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Rangers fall to Carey Price, Canadiens in shootout

Rangers goaltender Henrik Lundqvist reacts after surrendering the

Rangers goaltender Henrik Lundqvist reacts after surrendering the game-winning shootout goal to Paul Byron of the Montreal Canadiens at Madison Square Garden on Tuesday, Feb. 21, 2017. Credit: Jim McIsaac

Backed by some spectacular saves from goaltender Carey Price, it took 65 minutes and five rounds of a shootout for Montreal to edge the Rangers at Madison Square Garden on Tuesday.

Price made three saves in the final minute of overtime, with his second a tremendous one on J.T. Miller. He, also stopped Miller in the fifth round of the shootout before winger Paul Byron netted the winner, and the Canadiens snapped the Blueshirts’ five-game home winning streak, 3-2.

With one second left in overtime, Price dove headlong to his left to stone Miller trying to finish a two-in-one with Kevin Hayes. Miller just bent at the waist, his stick held low.

At the end of the game, even Henrik Lundqvist commended Price, who made 28 saves.

“I just said [to him] it was a nice save,” Lundqvist recalled. “You have to appreciate goaltending when it’s that good . . . I’m pretty disappointed right now, but I appreciate the effort here from everyone.”

The Rangers, who will visit Toronto on Thursday, moved to 38-19-2 (78 points), and tightened their grip on a wild-card spot with 22 games to play in the regular season.

“I think it was a pretty good effort,” Dan Girardi said. “Obviously the huge save by Price saved the game for them. We liked the way we played, we would have liked to get two, but we’re happy to get the point.”

So the Canadiens (32-20-8, 72 points), trying to hold onto first place in the Atlantic Division, ended a three-game losing streak and racked up their first victory under coach Claude Julien, who was hired a week ago after being fired by the Bruins.

“Obviously, he [Price] showed in overtime that he’s never out of it,” said Rick Nash, who tied the score game at 2, splitting the defense on a breakaway and beating Price high on the glove side at 9:26 of the second period. The goal gave Nash three in the last four games against Montreal.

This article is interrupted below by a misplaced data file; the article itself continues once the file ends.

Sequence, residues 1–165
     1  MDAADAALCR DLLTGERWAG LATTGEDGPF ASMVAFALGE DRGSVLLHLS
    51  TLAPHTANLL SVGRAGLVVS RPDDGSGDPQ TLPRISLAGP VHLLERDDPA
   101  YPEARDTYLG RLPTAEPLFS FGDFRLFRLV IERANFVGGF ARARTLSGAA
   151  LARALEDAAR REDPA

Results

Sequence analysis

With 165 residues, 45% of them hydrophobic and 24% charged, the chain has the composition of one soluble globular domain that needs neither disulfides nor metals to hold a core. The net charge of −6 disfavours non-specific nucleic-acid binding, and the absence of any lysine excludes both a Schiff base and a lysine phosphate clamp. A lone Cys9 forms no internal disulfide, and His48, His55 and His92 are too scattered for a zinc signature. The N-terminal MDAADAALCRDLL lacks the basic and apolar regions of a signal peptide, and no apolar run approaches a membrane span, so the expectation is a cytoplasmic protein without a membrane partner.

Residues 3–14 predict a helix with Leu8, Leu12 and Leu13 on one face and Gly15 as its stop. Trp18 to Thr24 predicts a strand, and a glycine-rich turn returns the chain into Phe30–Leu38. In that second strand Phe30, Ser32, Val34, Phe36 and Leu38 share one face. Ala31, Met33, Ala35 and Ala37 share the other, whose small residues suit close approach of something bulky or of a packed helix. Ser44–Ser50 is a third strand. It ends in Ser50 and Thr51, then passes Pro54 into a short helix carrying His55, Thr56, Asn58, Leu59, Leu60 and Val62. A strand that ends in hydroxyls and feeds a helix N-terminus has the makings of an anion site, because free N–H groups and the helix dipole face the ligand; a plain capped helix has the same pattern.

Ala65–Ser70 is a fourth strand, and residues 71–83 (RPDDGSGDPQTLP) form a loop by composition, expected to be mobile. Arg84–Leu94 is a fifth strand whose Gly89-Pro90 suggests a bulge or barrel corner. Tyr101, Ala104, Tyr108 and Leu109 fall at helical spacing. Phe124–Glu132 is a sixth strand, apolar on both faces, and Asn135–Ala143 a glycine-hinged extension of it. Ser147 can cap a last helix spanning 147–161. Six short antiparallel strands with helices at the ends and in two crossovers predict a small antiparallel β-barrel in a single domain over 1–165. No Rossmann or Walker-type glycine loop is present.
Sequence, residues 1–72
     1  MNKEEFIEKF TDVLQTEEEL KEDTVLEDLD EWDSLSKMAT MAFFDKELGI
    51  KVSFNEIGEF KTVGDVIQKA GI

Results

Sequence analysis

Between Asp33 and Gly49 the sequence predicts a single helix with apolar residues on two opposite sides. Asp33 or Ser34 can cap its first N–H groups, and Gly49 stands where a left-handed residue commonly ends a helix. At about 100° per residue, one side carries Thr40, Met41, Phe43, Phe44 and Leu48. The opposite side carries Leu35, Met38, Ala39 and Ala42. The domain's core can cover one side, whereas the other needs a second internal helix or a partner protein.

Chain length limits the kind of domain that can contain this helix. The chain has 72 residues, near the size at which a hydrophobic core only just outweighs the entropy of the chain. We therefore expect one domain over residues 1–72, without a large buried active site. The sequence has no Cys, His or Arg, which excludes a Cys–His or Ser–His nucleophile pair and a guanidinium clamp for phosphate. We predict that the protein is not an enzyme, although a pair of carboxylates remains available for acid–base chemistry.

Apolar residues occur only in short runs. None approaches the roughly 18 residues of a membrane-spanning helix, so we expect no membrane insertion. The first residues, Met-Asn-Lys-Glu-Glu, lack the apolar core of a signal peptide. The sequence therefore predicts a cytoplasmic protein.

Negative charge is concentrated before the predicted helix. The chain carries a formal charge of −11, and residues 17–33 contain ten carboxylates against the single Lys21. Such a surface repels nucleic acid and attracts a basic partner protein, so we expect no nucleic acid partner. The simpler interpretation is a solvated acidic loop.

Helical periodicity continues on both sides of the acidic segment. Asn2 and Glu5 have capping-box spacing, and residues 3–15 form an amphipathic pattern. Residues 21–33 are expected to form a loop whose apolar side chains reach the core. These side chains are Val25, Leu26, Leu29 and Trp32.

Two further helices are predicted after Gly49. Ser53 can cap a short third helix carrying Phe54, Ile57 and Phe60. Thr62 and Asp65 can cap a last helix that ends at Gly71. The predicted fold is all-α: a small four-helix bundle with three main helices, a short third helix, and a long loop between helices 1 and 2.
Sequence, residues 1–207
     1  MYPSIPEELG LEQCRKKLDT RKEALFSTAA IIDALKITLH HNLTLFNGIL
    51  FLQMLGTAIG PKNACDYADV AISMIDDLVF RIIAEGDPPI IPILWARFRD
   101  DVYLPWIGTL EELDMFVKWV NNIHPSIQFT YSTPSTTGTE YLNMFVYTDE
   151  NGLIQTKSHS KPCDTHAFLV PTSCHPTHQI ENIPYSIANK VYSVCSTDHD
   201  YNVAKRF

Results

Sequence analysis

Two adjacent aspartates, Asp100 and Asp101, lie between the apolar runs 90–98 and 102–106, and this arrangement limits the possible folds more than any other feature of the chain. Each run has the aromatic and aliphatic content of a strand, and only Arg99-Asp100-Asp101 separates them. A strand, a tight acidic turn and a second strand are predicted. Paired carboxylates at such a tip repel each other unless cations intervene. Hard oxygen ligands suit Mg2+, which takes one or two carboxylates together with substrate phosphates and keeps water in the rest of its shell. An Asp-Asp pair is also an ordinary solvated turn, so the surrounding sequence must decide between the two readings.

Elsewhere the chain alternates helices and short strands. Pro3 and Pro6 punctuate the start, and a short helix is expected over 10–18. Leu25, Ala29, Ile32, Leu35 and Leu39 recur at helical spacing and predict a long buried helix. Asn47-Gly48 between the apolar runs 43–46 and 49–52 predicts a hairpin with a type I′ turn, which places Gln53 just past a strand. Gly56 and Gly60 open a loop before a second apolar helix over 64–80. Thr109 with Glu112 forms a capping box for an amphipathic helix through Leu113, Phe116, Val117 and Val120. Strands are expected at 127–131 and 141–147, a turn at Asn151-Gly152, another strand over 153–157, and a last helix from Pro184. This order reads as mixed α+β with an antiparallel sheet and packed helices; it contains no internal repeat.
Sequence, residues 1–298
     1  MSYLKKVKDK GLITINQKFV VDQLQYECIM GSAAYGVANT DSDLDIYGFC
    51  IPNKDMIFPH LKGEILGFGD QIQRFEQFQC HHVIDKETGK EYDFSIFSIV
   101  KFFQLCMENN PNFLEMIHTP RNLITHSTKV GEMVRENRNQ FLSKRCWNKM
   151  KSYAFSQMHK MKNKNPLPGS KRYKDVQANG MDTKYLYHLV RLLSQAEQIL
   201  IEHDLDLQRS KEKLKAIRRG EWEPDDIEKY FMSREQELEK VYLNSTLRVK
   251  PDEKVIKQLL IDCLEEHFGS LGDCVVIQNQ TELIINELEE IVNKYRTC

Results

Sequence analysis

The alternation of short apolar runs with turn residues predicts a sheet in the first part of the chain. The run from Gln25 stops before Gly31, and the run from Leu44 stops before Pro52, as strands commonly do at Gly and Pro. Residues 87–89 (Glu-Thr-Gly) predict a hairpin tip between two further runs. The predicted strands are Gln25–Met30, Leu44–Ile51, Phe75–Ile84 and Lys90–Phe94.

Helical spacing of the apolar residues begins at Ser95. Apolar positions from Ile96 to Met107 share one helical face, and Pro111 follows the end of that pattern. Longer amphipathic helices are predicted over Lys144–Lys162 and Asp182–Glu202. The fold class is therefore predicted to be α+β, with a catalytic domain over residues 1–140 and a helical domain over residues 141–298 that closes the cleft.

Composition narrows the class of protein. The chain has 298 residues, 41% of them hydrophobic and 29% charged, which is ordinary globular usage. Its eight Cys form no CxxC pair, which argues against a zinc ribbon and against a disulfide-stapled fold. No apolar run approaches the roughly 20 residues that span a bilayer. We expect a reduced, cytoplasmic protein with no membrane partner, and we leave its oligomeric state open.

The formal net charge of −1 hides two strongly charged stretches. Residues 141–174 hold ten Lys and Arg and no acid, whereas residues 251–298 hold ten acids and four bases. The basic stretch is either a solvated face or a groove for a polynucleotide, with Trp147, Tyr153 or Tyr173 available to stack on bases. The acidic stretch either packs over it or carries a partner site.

Nash almost tied it at 3:21 of the second period. He sped up ice from the red line and tried to deke Price on a breakaway. But a patient Price slid right and got his right pad on Nash’s forehander.

“You always want to get two points, but it was good hockey,” said Derek Stepan, who hit the crossbar on his shootout attempt. “Overtime was entertaining, back and forth action. You’re going to see a lot more of those games down the stretch.”

Here’s how the duel in the shootout played out: After Mats Zuccarello scored in the first round of the shootout, Henrik Lundqvist denied Brian Flynn. Price stopped Mika Zibanejad, but Alexander Radulov’s backhander eluded Lundqvist. Stepan rang the crossbar and Lundqvist snagged Max Pacioretty’s wrister. Price stuffed Jimmy Vesey’s bid, and Lundqvist turned away Alex Galchenyuk to end the fourth round.

Andrew Shaw on a wraparound, and Oscar Lindberg on a redirection in front, had the score knotted after the first period. The second didn’t start well for the Blueshirts. Nick Holden was whistled for interference at 1:34. Eight seconds later, Shea Weber wound up from the left point and blasted the puck through Lundqvist.

“There are a couple guys in the league when they shoot, it’s like you have to make two saves,” Lundqvist said. ‘It’s like a drill and keeps going through your arm.”

In the end it was Price, with arms and glove and pads and stick, who made the difference.

New York Sports